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Courtesy Rainer Christian Kurzeder and Union Station
King Tut Union Station
Visitors can get up close to these recreated artifacts from the tomb of King Tut.
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Courtesy of Rainer Christian Kurzeder and Union Station
King Tut Chamber
The treasures in the chambers of Tut's tomb are arranged as they were thought to have appeared when an archaeologist first discovered them in 1922.
By Missouri Life Staff
This year is Union Station’s hundredth birthday, and to commemorate, they're showcasing an exhibit fit for a king—King Tut, that is.
Since 2008, more than five million Europeans have seen these artifacts. Now, Americans can explore the tomb of Pharaoh Tutankhamun in the way it was thought to have appeared when it was first discovered.
Becoming king at seven years old, Tut died mysteriously in his late teens, during a strained time in Egyptian history. His presumed father, Akhenaten, was criticized when he decreed that only one deity was to be worshipped. Consequently, the kings that followed Tutankhamun sought to erase the existence of the son of the despised king, removing all traces of Tut’s name and likeness.
Tut and the treasures buried with him lay undisturbed for more than 3,300 years, until they were uncovered by British archaeologist Howard Carter in November 1922.
What might have the archaeologist seen during his initial excavation? The Tut exhibit hopes to give patrons a glimpse of how the tomb was arranged when Carter explored its depths.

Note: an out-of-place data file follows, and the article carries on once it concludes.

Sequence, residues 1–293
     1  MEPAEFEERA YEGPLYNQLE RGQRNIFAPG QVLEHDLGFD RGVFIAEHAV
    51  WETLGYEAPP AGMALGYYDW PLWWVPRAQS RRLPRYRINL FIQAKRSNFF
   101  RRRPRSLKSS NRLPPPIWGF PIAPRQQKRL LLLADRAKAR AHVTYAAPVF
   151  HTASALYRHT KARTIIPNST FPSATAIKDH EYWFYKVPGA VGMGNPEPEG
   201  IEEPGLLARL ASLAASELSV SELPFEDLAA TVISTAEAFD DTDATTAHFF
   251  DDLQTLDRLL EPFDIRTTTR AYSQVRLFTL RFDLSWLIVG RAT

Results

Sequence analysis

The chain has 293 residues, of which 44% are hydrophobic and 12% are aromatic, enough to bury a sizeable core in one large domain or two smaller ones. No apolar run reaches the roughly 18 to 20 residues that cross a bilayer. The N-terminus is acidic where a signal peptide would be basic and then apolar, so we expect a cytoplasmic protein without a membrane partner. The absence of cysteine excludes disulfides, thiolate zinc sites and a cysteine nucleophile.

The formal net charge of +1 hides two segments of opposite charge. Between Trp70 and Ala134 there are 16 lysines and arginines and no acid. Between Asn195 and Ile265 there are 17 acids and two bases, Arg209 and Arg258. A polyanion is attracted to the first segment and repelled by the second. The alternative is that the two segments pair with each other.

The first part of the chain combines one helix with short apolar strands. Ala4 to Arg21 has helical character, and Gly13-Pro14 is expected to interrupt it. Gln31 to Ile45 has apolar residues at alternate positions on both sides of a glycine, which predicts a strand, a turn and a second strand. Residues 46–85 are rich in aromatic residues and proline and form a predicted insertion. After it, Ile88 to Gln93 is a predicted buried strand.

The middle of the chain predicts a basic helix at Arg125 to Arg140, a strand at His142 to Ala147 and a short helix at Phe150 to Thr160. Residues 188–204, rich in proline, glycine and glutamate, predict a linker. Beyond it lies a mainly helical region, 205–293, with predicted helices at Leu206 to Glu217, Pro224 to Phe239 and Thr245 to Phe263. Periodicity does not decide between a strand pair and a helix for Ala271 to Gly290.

Patrons can learn about the tomb’s history and then embark into the dimly lit chambers, where they’ll see the treasures arranged in precarious stacks. A narrator on headsets guides the tour.
The thousand artifacts displayed aren’t the real thing (the Egyptian government no longer permits the real Tut artifacts to tour), though the replica golden masks and coffins, jewelry, wall paintings, shrines, and other trinkets were crafted by Egyptian artists. The artists referenced photos and other visuals to recreate the details.
Reproductions also permit patrons to get up close and touch the artifacts: the golden coffins, shrines that would have held the disemboweled remains of the dead, the walls of the burial chamber that were covered in murals, and King Tut’s gold throne and iconic eleven-Karat-gold mask.
The Discovery of King Tut will be open from April 4 to September 7. Visit www.unionstation.org/tut or call 816-460-6888 for hours and ticket prices.